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Robinson: Washington on its way to fixing second half struggles

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Robinson: Washington on its way to fixing second half struggles

Quay Miller makes an unsuccessful attempt for two points during Washington's loss to Washington State at Alaska Airlines Arena on Jan. 11, 2020.

The Washington women’s basketball team has a problem in the second half. The Huskies tend to come out of halftime without the same energy of the first half, and a halftime lead starts to shrink, sometimes not lasting until the final buzzer. 

That same trend continued in a loss to Washington State Saturday, sort of. For most of the third quarter, the Huskies (10-5, 2-2 Pac-12) didn’t see the same issues, but it didn’t last.  

“I think it was probably one of our best third quarters we’ve had all year,” Peterson said. “We’ve struggled a lot coming out of halftime — just a slow start, it takes us a while to get going. I think we definitely had a better third quarter, but in terms of fourth quarter we definitely need to work on that a little bit more.”

Washington commanded the beginning of the game with defense. The Cougars (9-7, 2-2 Pac-12) didn’t score until over six minutes in. More importantly, the Huskies locked down Washington State’s offensive powerhouse Chanelle Molina. 

Last week’s Pac-12 player of the week, averaging 27.5 points-per-game in the Bay Area, Molina took five shots in the first quarter and didn’t make a single one. Senior Amber Melgoza blocked one shot from Molina in the first quarter, and the Huskies kept WSU from grabbing rebounds on the rest of them. 

Molina may have played all 10 minutes of the second quarter, but she didn’t take a single shot. 

“We just kept her in front of us,” head coach Jody Wynn said. “We did a really nice job of containing her penetration.”

Twenty five minutes and 23 seconds into the game, Molina hit her first shot and things started to go downhill for the Huskies. It started to look more like how Washington has usually looked right out of the half this season.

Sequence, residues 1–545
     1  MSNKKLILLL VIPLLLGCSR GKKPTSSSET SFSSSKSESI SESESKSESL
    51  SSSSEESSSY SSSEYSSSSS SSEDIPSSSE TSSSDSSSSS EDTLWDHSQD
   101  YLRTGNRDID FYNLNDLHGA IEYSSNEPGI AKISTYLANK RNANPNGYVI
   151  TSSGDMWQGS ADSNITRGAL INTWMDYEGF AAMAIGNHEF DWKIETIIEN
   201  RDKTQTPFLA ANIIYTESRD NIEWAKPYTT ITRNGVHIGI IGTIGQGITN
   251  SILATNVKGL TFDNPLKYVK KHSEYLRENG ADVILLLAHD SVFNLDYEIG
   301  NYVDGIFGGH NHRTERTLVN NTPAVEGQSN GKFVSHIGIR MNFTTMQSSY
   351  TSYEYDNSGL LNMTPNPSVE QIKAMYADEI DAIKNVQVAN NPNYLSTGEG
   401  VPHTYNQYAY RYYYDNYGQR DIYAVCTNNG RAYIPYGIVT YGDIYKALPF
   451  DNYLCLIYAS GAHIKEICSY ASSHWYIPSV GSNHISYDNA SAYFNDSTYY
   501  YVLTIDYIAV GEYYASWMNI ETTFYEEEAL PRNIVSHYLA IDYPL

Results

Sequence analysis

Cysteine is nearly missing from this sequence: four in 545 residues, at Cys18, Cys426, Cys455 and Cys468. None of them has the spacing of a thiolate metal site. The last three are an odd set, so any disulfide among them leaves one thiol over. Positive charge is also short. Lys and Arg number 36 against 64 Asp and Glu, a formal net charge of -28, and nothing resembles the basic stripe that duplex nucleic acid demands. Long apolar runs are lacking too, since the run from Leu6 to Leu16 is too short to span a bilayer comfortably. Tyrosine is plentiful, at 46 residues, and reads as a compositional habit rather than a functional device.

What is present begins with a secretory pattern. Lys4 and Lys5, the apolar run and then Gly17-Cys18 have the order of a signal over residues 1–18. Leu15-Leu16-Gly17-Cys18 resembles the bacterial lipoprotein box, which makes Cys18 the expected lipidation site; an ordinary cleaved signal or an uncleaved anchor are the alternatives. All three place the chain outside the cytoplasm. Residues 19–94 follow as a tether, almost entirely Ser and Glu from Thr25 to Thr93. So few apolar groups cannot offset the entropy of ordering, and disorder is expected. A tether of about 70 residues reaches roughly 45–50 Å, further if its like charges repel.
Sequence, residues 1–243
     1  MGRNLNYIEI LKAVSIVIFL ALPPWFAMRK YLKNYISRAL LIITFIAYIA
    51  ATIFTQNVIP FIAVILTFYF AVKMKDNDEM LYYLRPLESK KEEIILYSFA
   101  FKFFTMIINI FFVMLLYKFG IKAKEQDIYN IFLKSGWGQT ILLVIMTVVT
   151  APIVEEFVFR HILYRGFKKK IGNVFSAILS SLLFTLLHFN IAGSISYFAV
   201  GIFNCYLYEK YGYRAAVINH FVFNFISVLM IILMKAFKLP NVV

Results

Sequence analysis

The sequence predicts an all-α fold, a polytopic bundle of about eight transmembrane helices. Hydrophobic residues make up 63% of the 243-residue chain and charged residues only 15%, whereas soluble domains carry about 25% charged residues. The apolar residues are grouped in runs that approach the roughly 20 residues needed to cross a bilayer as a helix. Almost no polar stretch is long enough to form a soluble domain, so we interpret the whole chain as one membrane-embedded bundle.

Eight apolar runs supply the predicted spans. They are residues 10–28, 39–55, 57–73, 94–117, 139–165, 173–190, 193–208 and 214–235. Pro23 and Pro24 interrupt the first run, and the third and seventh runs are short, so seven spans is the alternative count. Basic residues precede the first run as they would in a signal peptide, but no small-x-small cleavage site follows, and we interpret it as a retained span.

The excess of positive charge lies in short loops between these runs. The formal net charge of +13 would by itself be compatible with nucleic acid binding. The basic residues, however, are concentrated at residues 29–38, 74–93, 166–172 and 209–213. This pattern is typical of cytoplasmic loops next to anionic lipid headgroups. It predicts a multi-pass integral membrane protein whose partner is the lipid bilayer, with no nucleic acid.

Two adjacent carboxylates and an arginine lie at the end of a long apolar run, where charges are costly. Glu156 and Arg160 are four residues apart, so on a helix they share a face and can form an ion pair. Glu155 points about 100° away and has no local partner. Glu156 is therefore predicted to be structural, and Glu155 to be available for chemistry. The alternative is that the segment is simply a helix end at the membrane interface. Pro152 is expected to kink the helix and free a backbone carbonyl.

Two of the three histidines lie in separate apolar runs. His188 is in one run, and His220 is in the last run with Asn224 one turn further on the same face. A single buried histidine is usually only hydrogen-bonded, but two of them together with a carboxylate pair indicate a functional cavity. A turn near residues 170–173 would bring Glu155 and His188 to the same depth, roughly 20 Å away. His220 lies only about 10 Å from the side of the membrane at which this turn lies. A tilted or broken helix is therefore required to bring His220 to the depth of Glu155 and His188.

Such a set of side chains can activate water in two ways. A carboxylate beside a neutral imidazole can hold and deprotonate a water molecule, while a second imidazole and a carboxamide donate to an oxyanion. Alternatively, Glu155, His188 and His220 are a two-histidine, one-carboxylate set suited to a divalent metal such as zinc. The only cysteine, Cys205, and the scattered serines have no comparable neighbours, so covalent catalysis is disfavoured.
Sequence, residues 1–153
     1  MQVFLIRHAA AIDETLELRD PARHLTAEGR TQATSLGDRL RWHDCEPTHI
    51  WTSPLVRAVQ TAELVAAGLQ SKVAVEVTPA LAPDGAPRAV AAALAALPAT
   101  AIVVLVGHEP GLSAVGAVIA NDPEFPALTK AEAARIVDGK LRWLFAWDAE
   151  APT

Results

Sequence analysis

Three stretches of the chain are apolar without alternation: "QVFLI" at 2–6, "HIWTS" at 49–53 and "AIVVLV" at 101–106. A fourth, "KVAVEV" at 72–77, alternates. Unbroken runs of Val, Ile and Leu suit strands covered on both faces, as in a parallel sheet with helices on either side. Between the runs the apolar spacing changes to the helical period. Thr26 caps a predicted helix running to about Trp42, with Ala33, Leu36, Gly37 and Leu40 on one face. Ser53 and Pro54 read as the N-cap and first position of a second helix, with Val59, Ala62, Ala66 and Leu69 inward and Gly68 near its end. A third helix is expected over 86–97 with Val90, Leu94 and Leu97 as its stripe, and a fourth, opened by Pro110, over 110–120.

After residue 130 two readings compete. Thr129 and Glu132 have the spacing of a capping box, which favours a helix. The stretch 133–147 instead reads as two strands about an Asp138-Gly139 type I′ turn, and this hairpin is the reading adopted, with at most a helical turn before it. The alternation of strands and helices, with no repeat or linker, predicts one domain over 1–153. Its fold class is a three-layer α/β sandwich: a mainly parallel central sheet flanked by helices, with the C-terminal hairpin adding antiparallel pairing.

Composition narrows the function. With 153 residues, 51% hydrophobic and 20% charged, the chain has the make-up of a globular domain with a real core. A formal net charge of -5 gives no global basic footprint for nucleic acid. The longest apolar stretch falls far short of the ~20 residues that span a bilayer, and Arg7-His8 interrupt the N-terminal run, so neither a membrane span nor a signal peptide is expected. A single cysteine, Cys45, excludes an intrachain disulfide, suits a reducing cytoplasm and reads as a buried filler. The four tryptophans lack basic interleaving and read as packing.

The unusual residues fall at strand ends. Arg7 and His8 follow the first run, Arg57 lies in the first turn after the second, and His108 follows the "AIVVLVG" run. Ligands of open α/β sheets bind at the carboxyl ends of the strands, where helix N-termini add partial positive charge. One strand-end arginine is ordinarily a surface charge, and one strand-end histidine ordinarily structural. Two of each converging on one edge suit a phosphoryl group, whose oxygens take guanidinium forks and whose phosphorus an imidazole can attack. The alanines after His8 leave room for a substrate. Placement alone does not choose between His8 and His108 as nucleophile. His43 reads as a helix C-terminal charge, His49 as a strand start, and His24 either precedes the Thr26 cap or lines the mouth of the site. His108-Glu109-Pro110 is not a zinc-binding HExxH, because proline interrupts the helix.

The Cougars shot 21.4% in the first quarter, and shot up to nearly 40% in the second. In the third, they inched up to over 40%, but in the fourth quarter they took complete control of the game shooting 64.3%. A lot of that had to do with Washington State hitting its stride, but it also had to do with the Washington defense slipping. 

The UW’s defense has improved a lot from last season to this one, but offensively they still aren’t all the way there. When the high energy defense starts slowing down, as has been the problem that’s lead to tough second halves all season, offensive issues get thrown into stark contrast.

“We didn’t shoot the ball particularly well,” Wynn said. “We missed a lot of layups in the first quarter, played a little too fast. I think for the whole game we might have missed 20 layups, and we didn’t have the bench production offensively that we normally do.”

Washington only had 15 points off the bench, with sophomore Haley Van Dyke, who has led the Huskies in scoring a few times this season, only adding two points in the game. While the Dawgs stayed ahead for three quarters, those offensive struggles meant that they didn’t have much buffer when the defense started to slow down. 

Still, it was an improvement over earlier games like the overtime loss to Vanderbilt or the Stanford game where the Huskies went into the half tied and lost by 20. Fixing second half problems could be a difference maker for the Dawgs as they get deeper into the Pac-12 season, and it looks like they’re getting closer. 

Reach Engagement Editor Hailey Robinson at Twitter: @haileyarobin

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